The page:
My paper was titled "Balancing Local Tradition and Global Influences: Design Education for Traditional Artisans in Kutch, India" and situated one of the two case studies of my PhD research - Somaiya Kala Vidya (SKV) design school for artisans - within a history of art and design education in India. It discussed the ways in which SKV challenges previous approaches to craft development and the hierarchies between urban-educated designers and informally educated traditional artisans by drawing upon some of the successes and challenges of the school, and highlighting the experiences of one particular graduate. The DHS panel was the first opportunity I had to present my research outside of Europe, and as a final-year PhD student writing up my thesis, the conference came at a key time for publicising my research and provided a great opportunity to expand my network.
The rest of the panel included three excellent papers all of which had a common focus of challenging existing power structures in design narratives, discussing perspectives of communities and individuals who have commonly been absent in global design histories, and their interaction with the international.
Carrie L. Cushman's paper "The Village in the City Center: Alternative Design Surveys in 1970s Urban Japan", drew upon her PhD research in modern Japanese art and architecture, which specifically examines the photographs of Miyamoto Ryuji, whose images of ruins engage multiple layers of trauma in the contemporary Japanese experience. Carrie is currently based at Columbia University.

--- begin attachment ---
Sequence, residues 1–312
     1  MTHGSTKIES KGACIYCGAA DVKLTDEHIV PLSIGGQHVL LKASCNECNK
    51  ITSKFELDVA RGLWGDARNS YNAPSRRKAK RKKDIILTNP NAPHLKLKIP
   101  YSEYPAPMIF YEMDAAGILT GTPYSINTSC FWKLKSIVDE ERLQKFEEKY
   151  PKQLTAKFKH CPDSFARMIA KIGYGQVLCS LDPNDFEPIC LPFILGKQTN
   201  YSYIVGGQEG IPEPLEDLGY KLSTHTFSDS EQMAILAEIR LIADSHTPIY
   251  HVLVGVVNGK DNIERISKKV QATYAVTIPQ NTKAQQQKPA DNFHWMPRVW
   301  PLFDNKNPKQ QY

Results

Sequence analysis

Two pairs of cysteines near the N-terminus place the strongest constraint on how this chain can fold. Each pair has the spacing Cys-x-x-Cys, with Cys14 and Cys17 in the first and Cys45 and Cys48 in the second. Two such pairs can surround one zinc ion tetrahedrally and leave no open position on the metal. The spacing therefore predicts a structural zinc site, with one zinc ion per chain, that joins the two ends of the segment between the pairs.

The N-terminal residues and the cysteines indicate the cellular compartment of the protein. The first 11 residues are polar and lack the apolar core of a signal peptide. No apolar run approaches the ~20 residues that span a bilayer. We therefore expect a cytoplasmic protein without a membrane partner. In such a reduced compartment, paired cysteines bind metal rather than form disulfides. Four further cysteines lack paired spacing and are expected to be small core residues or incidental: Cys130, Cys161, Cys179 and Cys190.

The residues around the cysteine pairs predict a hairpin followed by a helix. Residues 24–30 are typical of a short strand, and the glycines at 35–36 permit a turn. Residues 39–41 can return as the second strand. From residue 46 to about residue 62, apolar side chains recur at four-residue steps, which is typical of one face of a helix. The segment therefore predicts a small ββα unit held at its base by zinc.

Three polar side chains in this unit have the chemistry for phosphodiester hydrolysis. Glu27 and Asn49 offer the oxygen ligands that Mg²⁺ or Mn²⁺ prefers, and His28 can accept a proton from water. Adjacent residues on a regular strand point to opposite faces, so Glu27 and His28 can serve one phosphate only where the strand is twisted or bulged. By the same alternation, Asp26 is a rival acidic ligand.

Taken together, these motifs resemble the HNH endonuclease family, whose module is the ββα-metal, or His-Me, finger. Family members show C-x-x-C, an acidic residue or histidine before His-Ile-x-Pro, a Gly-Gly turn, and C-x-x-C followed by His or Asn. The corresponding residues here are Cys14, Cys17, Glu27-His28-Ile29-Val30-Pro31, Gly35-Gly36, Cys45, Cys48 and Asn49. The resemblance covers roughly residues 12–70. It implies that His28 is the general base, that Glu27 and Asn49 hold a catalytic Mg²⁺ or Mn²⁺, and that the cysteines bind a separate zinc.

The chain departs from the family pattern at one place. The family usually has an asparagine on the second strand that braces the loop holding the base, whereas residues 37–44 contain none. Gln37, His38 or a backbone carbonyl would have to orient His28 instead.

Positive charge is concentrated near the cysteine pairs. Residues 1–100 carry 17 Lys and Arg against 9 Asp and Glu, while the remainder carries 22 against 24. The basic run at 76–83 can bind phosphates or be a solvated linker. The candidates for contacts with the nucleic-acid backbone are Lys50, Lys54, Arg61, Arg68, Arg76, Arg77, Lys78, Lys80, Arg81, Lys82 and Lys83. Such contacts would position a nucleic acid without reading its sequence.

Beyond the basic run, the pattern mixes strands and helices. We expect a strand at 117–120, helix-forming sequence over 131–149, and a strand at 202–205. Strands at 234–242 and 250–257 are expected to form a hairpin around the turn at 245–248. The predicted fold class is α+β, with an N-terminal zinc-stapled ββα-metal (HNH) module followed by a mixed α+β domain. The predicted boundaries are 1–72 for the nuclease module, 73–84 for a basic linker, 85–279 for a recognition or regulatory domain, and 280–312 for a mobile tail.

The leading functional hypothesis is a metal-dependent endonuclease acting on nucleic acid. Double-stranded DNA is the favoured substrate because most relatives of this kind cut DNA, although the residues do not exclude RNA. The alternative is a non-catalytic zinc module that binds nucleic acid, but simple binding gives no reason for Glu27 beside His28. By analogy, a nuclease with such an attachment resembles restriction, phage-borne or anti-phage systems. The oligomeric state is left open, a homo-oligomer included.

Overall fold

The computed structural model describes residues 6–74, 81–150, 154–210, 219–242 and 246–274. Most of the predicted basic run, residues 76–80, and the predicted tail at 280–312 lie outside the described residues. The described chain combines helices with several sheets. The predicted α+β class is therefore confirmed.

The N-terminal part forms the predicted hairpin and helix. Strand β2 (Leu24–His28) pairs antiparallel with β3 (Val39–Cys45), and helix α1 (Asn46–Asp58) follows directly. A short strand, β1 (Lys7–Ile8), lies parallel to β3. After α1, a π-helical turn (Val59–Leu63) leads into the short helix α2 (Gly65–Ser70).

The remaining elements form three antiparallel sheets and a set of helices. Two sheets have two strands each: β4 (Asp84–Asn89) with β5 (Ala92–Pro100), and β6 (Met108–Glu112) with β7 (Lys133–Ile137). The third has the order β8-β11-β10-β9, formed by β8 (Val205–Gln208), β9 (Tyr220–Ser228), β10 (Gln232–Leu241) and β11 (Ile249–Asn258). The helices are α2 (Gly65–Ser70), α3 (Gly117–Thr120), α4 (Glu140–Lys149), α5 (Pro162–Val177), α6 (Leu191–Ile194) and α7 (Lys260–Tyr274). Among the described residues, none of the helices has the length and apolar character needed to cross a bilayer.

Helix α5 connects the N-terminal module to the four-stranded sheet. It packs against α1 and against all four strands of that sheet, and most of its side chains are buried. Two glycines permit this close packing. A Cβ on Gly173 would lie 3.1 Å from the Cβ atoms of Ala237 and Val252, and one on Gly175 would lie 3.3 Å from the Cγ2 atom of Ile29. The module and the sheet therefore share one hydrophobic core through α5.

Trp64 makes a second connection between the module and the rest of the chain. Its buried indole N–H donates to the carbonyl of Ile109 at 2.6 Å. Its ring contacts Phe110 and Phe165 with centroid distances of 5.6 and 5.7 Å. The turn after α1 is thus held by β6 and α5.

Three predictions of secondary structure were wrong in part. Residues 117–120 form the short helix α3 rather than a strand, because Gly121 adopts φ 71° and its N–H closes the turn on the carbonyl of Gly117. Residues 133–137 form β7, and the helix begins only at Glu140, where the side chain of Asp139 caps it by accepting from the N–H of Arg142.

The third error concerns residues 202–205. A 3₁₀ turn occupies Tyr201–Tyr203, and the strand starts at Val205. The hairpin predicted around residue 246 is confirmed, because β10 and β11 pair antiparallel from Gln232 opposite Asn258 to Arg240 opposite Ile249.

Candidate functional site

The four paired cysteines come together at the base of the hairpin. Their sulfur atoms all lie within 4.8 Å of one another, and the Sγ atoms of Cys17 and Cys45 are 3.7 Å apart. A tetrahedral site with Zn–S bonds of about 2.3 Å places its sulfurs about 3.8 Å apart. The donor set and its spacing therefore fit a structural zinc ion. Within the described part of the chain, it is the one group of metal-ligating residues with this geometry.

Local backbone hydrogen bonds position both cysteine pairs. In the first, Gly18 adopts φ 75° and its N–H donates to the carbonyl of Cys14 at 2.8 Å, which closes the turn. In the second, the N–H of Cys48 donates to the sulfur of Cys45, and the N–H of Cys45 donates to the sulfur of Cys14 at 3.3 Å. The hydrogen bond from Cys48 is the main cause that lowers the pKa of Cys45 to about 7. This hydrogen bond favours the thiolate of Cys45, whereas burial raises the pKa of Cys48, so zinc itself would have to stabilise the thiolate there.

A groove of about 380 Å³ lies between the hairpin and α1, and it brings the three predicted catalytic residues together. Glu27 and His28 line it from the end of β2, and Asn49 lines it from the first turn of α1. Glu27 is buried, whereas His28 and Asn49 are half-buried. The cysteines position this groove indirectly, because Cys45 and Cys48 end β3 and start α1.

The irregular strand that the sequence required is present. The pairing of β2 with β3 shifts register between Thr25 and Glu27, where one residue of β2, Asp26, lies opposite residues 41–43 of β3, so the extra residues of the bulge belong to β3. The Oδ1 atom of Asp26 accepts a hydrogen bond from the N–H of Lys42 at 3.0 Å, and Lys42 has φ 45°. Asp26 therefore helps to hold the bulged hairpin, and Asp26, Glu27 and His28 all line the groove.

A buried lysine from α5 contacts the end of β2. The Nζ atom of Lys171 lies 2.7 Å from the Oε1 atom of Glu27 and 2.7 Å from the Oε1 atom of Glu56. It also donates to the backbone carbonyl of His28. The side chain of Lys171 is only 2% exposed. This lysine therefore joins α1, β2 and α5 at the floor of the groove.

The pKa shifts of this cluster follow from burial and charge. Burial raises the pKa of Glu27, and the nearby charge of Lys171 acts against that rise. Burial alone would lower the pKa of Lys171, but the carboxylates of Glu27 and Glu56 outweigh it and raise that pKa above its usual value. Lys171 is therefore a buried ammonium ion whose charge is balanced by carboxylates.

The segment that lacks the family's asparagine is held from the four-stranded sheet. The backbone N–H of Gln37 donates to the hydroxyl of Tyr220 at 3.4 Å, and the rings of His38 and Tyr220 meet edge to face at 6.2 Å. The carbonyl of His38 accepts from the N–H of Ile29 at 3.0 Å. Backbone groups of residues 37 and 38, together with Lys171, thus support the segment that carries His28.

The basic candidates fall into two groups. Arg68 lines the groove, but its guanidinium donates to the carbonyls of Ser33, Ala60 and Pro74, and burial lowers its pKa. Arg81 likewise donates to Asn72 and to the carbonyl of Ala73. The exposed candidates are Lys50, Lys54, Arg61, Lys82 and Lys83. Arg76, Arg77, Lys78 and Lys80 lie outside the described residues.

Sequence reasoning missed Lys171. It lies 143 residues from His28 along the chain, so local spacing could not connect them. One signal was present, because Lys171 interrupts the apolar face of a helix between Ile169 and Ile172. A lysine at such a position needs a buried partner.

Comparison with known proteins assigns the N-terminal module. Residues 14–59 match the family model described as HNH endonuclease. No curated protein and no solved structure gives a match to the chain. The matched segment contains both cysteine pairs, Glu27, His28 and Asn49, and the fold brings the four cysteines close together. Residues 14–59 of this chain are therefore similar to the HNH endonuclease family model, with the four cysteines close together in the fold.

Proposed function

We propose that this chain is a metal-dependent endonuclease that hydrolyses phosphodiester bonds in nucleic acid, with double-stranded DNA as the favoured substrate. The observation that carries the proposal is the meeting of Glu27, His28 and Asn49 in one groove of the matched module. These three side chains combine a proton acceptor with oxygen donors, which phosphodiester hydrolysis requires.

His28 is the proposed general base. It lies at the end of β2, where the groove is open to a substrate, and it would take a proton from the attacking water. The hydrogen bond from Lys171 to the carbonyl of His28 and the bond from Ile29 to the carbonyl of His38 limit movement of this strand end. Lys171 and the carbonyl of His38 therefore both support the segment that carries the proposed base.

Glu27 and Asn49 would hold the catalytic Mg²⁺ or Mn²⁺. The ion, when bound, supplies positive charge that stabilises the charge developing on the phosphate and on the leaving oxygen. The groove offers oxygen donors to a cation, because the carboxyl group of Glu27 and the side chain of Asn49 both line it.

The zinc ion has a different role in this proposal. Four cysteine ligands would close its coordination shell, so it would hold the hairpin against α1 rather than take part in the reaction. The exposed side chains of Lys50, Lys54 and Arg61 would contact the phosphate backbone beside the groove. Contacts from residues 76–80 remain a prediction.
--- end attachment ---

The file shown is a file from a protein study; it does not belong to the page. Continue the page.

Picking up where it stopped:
Di Liu, a graduate of the RCA/V&A MA History of Design programme presented "Ming Chairs: Subversion or Testimony to Western design?" Her research traced the journey of Ming chairs from their origins in China, the peak of the Ming dynasty (1368-1644), and the multiple identities the chairs have taken on as they have traversed countries such as Japan and Britain, as well as the various interpretations of the chair by modern and contemporary designers.
Magali An Berthon is currently a PhD candidate at the RCA, investigating silk as an intangible heritage and representation of traditional identity in contemporary Cambodia. Her paper was titled "The Institute for Khmer Traditional Textiles: A Japanese Perspective on Cambodian Silk Crafts", and focused on the role of the Institute of Khmer Traditional Textiles founded by Japanese natural dye expert Kikuo Morimoto in reviving Cambodian silk ikat weaving following its destruction during the Khmer Rouge war.
Leading on from the panel, Hui-Ying has received funding from the Nottingham Trent University Global Heritage Seed Corn Research Fund to hold a two-day networking event with a group of researchers in the fields of global heritage, histories and material culture, and whose work addresses the theme 'renegotiating the narrative in global design histories'. This event will take place in June 2018, and provides an opportunity to continue dialogue around the theme, with intended publishable output.
I am grateful to the Design History Society for supporting my research, as well as the whole panel, and am excited about where the panel's combined research will take us.
Ruth Clifford PhD Researcher, Department of Art and Design, Nottingham Trent University
Headline image: Somaiya Kala Vidya (SKV) (design school) graduate Suresh Parbat Vankar at his loom, Sarli Village Kachchh (India), August 2016. Photographer: Ruth Clifford.